As a growing number of U.S. cities make pledges towards 100 percent renewables, it's easy to forget that the entire state of Hawaii set this important benchmark three years ago when it mandated that all of its electricity must come from renewable sources no later than 2045.
To help the Aloha State meet this ambitious commitment, in 2015, the University of Hawaii (UH) and the Hawaiian Legislature set a collective goal for the university system to be "net-zero" by Jan. 1, 2035, which means the total amount of energy consumed is equal to the amount of renewable energy created.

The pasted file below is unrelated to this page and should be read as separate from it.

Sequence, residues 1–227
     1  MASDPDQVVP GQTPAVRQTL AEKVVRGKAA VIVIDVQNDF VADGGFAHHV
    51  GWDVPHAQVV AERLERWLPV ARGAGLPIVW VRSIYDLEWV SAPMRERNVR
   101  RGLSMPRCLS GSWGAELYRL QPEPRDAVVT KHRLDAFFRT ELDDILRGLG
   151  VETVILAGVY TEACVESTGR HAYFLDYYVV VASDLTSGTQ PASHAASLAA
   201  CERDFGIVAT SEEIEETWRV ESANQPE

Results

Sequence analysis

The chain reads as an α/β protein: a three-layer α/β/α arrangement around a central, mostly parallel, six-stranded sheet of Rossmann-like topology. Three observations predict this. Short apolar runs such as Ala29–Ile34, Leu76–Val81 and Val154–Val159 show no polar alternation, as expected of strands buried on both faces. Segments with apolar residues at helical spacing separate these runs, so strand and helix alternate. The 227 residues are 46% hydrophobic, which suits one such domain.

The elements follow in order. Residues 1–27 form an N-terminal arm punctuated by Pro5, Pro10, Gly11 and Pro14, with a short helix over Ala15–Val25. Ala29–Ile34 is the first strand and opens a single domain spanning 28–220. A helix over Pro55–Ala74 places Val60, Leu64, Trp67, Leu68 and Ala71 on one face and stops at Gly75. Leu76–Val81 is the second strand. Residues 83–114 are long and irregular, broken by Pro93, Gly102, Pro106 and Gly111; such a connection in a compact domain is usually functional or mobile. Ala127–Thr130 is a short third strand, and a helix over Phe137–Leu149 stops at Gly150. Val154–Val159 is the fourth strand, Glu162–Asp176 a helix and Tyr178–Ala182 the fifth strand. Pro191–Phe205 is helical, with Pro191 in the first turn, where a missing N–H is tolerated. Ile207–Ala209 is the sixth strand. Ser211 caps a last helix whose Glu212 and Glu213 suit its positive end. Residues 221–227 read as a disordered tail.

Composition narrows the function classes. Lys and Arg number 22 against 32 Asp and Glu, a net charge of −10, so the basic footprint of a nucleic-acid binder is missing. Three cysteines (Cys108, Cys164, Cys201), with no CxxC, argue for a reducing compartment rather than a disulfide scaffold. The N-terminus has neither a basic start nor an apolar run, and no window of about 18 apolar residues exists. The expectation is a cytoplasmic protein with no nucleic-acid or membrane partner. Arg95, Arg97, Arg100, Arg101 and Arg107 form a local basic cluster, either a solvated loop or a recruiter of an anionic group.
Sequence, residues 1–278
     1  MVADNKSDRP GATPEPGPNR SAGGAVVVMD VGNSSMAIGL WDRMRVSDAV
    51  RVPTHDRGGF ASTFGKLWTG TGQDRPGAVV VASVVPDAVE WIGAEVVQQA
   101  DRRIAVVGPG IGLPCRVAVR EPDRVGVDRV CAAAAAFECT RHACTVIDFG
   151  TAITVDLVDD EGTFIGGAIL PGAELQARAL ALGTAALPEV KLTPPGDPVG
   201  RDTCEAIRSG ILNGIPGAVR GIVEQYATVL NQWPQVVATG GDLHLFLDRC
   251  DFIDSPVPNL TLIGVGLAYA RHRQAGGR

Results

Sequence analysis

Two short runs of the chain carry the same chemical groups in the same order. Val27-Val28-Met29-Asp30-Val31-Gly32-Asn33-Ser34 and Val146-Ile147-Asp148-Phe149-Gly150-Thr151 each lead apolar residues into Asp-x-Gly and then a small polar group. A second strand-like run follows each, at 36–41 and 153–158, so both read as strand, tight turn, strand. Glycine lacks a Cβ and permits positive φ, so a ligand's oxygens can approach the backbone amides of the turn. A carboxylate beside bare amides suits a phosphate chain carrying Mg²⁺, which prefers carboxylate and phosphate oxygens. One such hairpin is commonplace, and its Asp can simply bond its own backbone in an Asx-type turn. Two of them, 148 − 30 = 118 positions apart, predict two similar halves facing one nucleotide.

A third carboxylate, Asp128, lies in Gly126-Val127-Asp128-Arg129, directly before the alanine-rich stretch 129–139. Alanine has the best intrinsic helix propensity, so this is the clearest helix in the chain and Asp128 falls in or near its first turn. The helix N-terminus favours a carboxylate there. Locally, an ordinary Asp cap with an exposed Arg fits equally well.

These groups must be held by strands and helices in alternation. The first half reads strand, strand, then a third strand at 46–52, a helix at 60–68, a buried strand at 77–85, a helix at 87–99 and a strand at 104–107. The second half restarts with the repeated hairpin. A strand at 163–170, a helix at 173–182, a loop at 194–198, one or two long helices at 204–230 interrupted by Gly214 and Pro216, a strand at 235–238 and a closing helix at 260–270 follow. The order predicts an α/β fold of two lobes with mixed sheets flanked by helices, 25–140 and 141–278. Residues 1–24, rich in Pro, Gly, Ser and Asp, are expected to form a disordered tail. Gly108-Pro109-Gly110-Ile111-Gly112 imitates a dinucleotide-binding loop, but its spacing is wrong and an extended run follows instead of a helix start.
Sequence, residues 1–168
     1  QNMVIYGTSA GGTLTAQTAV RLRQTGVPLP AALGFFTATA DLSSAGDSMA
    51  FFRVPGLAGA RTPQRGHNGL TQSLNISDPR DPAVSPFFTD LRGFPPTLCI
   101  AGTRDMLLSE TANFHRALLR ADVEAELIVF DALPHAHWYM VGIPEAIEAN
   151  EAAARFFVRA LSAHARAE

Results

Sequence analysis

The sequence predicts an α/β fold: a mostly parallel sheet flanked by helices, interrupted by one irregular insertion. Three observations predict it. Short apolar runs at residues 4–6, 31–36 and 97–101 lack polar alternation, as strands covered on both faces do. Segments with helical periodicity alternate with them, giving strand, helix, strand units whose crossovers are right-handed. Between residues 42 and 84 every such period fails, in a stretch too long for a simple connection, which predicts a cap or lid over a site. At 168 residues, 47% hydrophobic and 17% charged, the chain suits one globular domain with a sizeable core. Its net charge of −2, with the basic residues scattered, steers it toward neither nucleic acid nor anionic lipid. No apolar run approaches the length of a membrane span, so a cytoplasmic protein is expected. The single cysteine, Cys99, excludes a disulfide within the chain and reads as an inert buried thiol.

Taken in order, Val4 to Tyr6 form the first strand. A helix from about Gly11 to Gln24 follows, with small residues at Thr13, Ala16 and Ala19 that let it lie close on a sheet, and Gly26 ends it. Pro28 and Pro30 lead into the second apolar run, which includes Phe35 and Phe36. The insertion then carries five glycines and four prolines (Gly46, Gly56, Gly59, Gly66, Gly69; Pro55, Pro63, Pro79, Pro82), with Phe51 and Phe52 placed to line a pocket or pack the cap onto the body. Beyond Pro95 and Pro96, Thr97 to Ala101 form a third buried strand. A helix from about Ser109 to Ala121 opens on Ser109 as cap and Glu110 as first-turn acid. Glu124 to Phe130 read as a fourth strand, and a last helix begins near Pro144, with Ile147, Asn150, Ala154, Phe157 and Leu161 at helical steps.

Now, UH's Maui College is on its way to become the first campus in the United States to transition off fossil fuels by using on-site solar systems coupled with battery storage, university officials announced.
The campus' solar-plus-storage project—consisting of 2.8 megawatts of solar PV and 13.2 megawatt-hours of battery distributed energy storage—is scheduled to become fully operational by 2019.
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